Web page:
“Garden receiver” also carried the informal title of being in charge of cataloging plant death. I saw the waste every day, my mind magnifying that waste with every garden center of every store in the district. Once, the district plant purchaser walked our store. I was in the back, knee-deep in a collapsible gaylord full of plants that no longer flowered. My dreads dangling like snakes underneath my cowboy hat, I looked up, directly at the corporate man in charge of plants and couldn't help but stick my foot in my mouth.


Self: When is Home Depot going to compost these plants? This is wasteful, and  it can't be good for the bottom line. Our customers would buy the compost.


He looked at me, with his beady, ice-blue eyes, his mannequin smile, his shiny bald head and his jogger body, and replied.


Bossman: Well, that's a fantastic idea, Jenny. There are a couple stores in Seattle doing just that. Unfortunately, on a national level, it's too costly for Home Depot to implement. 


Too costly for Home Depot to implement I thought was absurd but knew to be true for a company who wouldn’t even offer part-timers full time to evade healthcare law under the guise of that being too costly as well.


Into the compactor the plants went, my soul with them, my name of Bloom echoing their unsatisfactorily flashy vaginas that had wilted from lack. My voice: silenced by the whirring hydraulics and the cackling laughter of Tom. A snaggletoothed receiving worker with 2 sons and a wife, Tom was paid $20 an hour to shovel boxes in and out of trucks. I was paid $10.75, the most I'd ever made. He liked to tease me about my lady-bits. He liked to goad me for being one of two females who drove the forklift and reach.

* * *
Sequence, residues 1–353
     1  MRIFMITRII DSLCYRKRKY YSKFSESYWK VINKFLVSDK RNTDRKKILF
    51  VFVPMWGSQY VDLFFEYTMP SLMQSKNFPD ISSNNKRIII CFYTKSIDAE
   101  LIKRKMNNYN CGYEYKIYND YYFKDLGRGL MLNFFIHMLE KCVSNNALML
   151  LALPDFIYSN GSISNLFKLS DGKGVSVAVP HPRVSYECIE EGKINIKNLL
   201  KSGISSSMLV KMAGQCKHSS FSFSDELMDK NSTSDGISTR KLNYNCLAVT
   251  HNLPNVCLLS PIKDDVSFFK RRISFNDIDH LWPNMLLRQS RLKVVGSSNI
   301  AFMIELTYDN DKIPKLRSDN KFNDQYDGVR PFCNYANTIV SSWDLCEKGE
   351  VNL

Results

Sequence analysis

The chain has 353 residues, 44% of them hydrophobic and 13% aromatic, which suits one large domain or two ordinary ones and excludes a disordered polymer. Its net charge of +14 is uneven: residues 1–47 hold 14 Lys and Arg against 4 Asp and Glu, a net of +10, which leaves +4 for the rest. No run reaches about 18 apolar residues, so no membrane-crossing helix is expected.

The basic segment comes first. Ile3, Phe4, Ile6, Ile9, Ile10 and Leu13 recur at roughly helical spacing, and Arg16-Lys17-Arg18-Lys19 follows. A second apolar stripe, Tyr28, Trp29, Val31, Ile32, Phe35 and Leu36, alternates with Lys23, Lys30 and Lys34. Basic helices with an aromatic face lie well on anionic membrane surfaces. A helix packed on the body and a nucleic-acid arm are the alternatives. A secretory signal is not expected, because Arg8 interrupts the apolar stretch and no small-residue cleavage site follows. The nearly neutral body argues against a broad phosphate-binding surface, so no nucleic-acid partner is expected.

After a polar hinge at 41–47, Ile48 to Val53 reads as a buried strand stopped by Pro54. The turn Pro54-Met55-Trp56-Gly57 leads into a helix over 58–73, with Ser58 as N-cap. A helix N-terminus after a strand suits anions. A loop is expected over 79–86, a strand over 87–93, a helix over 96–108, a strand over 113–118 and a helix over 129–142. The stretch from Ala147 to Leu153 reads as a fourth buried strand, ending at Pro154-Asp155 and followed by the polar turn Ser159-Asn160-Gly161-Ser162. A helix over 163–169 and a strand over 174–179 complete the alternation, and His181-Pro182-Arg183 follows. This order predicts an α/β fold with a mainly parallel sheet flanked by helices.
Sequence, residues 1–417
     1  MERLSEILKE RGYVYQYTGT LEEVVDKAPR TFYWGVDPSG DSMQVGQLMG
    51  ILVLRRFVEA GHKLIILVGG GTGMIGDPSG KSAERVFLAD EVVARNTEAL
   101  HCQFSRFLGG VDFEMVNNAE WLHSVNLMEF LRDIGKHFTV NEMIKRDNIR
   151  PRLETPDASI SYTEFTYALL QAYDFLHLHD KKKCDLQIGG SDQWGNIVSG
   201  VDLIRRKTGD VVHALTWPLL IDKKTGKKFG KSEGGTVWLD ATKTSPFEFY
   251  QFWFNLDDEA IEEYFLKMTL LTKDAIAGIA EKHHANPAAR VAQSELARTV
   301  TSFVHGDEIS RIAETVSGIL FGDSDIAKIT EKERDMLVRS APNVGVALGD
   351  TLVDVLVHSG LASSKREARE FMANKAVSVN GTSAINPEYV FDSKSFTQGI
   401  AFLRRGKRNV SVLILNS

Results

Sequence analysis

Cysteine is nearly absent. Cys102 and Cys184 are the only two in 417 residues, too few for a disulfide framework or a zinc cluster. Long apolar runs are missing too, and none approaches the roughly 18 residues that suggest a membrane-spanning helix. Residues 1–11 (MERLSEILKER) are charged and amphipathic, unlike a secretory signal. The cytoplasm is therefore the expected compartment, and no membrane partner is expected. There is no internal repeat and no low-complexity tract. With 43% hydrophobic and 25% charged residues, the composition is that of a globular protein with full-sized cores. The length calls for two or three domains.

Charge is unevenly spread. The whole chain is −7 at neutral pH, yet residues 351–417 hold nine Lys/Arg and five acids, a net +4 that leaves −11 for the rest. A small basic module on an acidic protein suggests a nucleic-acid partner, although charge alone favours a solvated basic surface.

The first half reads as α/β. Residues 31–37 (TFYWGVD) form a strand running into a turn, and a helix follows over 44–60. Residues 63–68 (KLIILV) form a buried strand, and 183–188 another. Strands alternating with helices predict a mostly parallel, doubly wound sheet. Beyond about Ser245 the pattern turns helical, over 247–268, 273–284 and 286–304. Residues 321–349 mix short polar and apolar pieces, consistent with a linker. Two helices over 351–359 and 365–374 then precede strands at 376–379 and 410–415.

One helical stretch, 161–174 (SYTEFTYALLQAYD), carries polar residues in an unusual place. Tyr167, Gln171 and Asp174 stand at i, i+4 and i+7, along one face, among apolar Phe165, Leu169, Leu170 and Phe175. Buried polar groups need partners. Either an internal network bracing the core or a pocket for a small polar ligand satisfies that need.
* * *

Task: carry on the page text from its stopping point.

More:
Tom: Honey, you got a license to drive that thing? [Cackling laughter] Woah! Watch out, everyone! Woman driver!


Those phrases echoed in the isles, emanating from coworkers and customers buying toys at their favorite store. Their eyes were always on my backside, making sure I didn't step out of line. If I did, I should at least do it prettily. 


I thought: Be as pretty as the flowers. Make sure no one sees you wilt, no one sees you fade. You must always bloom, Bloom.


They liked to see me lift those trees, hoist them into the compactor, my snakes dancing to and fro as I swallowed my ideals in exchange for greenbacks. I could lift well, a linebacker female. They'd stand around and talk while I chucked dahlias and aspens like footballs into the hole. I'd pretend not to notice, play dumb behind the veneer of cute, knowing full well that I was Medusa, with a heart of sorrowful rage and eyes willing back tears.


Bye bye, dahlias, you firework lions.

Their faded manes dried by the tarmac and neglect of those who only wanted bonuses.


At the end of my day, sore of bone and muscle, dehydrated from labor, I’d return to the Tuff Shed my wife and I had made our home. Our landlord had moved back into  our place suddenly after the fire, and the only place available before winter became too brittle was my mother’s house in Manitou. With rooms too small to provide privacy and tension amongst in-law and spouse, the Tuff Shed would have to do. It was a bitter place, lacking windows to witness summer in full bloom. Circumstance had kept us there longer than we were welcome, but we’d not be living there were it not for others’ greed.


The soldiers wouldn’t have been neglected were it not for the greed of the many who would compromise anything for a cheap tank of gas and a drill made in China for $49.97. The plants could have lived if those who  collected bonuses would have listened to the women in the garden centers, years of wisdom under their belts, pleading for more water and more work. The severity of the drought could have perhaps even been reduced  were it not for the compromising hunger for oil, that black gold which fueled it all—from labor inequality, to victims made in war, to trees grown cheap in Oregon and shipped all the way to Colorado only to dry out in the high plains' desert sun.